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Image courtesy @arvidabystrom

The rise of tech neck: can looking at your phone give you neck wrinkles?


TextAlice Gibbs

We interrogate the latest beauty insecurity “tech neck ” and try out the latest products designed to treat it

We are all aware that we need to curb our smartphone addiction. Not only does excessive use worsen our anxiety and the blue light from our screen disrupt our sleep cycles, now there’s another problem: looking down at screens could be responsible for developing neck wrinkles. Dubbed “tech neck,” constantly craning our necks down to look at our screens is reportedly doing us no favours.

The skin on our neck is particularly delicate and is constantly fighting against gravity as we move our heads around in daily life. The result of this is often the loss of volume in the underlying tissues. Genetics, sun exposure, excessive smoking and drinking, weight fluctuations, and even hormonal changes can all play a role in the change of texture in your skin. There are two types of neck wrinkles — horizontal and vertical. Vertical neck creases are usually caused by sleeping in certain positions for a long period of time and are mostly genetic, while horizontal creases usually occur from a myriad of factors including loss of collagen production, sun and environmental damage, and keeping the neck flexed forwards for long periods of time, for example, while looking at your phone, furiously scrolling on Instagram.

“Lines around our necks are largely hereditary, but repetitive movements anywhere can increase the possibility of lines and wrinkles,” attests skincare expert Abigail James. However, some are still cynical about the idea that neck wrinkles are becoming more prominent purely because of our use of technology. Dermatologist Dr Stefanie Williams remains uncertain, “It is true that after repeated creasing of the skin in a specific area, the crease will eventually ‘edge’ itself into the skin and become permanent over time. But I’m not sure whether there is really a significant increase in neck wrinkles from working more on digital screens these days, although I guess the theory is possible.” Consultant plastic surgeon and skin specialist at The McIndoe Centre, Silva Kumar, meanwhile, points to another issue, “The rise in selfie culture means that people are scrutinising themselves much more than they did in the past. Social media certainly contributes to a desire to improve physical appearance. I believe this trend is more to blame for the rise in “tech neck” as people are noticing their wrinkles more than they did in the past. Even babies are born with neck wrinkles, so it’s unlikely that they are caused by our use of tech.”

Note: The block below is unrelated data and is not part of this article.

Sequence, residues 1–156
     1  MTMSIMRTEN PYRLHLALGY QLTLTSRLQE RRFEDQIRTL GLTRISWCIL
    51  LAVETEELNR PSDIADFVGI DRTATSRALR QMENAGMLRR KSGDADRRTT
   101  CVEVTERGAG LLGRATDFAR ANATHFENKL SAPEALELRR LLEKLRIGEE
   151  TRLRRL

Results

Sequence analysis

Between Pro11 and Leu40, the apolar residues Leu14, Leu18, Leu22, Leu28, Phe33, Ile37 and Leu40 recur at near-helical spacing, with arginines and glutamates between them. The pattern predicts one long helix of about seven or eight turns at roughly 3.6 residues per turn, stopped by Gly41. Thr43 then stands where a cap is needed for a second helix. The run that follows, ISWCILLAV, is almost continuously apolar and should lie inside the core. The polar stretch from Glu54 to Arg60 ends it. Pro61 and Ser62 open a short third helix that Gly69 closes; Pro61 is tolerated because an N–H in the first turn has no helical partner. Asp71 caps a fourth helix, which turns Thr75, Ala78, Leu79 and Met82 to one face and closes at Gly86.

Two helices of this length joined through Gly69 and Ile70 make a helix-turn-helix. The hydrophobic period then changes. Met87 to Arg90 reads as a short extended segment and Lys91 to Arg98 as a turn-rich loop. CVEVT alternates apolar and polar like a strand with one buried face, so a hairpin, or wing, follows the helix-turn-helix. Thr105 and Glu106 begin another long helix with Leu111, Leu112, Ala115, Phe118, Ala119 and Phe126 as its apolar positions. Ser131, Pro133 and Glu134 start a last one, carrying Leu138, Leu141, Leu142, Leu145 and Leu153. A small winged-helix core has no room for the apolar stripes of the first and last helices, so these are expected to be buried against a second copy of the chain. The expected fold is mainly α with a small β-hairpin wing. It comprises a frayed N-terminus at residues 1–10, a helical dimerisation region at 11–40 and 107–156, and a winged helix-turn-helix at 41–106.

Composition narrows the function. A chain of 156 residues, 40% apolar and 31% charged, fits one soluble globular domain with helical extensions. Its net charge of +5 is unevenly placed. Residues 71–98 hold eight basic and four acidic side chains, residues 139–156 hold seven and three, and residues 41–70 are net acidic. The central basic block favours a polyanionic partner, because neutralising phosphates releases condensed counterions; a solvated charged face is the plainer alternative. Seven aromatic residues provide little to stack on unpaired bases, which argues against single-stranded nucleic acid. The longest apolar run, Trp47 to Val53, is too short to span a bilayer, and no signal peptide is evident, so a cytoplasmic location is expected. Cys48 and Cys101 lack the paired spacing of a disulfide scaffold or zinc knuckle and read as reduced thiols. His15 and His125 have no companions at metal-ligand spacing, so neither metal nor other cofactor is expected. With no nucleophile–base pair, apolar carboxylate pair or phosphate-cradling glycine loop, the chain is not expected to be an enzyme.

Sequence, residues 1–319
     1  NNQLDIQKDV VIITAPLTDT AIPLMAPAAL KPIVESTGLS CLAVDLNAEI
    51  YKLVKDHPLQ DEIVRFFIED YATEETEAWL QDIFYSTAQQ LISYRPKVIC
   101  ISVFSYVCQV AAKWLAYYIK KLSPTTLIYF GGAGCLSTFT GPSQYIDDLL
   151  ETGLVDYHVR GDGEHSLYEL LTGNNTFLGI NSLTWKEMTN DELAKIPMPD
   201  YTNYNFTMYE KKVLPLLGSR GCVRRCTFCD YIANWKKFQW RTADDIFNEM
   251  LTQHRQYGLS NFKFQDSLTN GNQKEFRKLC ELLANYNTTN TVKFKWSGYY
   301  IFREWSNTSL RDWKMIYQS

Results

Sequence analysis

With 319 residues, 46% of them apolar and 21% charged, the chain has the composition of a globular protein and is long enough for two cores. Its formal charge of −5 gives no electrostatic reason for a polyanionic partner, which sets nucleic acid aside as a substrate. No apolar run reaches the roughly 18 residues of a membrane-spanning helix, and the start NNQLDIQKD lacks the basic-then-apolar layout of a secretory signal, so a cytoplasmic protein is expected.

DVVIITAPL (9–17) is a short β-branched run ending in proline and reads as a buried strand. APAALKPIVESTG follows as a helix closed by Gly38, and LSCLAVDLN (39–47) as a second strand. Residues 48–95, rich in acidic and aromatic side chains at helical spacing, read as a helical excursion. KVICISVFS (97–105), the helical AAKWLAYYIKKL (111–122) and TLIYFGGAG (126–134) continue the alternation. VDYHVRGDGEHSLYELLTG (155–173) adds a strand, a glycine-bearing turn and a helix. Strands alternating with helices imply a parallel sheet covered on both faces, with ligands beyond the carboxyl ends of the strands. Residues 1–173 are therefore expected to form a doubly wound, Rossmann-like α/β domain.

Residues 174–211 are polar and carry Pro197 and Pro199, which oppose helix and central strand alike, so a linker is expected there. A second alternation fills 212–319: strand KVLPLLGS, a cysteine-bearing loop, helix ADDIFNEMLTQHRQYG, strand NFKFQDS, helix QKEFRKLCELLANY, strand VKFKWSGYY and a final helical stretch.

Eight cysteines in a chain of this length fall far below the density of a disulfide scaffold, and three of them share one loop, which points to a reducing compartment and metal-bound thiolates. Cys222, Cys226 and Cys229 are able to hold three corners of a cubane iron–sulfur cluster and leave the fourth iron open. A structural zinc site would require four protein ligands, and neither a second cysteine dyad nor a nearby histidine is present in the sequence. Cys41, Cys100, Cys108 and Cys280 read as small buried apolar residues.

But while the connection between screen time and the wrinkles on your neck remains unproven, the fear of tech neck remains a fact. Following a few days of looking into neck wrinkles, I found myself scrutinising the lines on my own neck. How had I not noticed them before? Holding my phone high up above my head as I scroll through Twitter – I was curious about what my options were.

For nearly every fear or insecurity, there is a product created by the beauty industry that claims to fix all of our problems, so I knew it wouldn’t be hard to find something that could help. True to form, in the last year a wide range of products and treatments have popped up within the industry, aimed specifically at targeting and firming our wrinkling necks. Take Guerlain Orchidée Impériale’s neck and décolleté cream which retails at £249, for example, or NOID’s neck elasticity catalyst for £78.

"As our phone usage has increased, it’s no wonder consumers are turning to beauty brands for solutions" - Clare Varga, Head of Active & Acting Head of Beauty at WGSN

“We’ve been tracking a huge upturn in skincare products and tools for the neck and décolletage,” says Clare Varga, Head of Active & Acting Head of Beauty at WGSN. “But equally, there has been a shift in treatments too, with ‘facial workouts’ designed to rehabilitate lazy, sagging muscles. This also mirrors what’s happening in wellness, where there are a number of new wearables – such as Upright Go or Lumo Lift - designed to alert to slouching and device over-use emerging. In terms of what’s next, products that treat and counteract tech neck will become central to daily beauty regimes. We can expect to see more and more products and brands in this sector. As we’ve moved deeper into the social media age and our usage has increased, it’s no wonder consumers are turning to beauty brands for solutions and that they, in turn, a capitalizing on that.”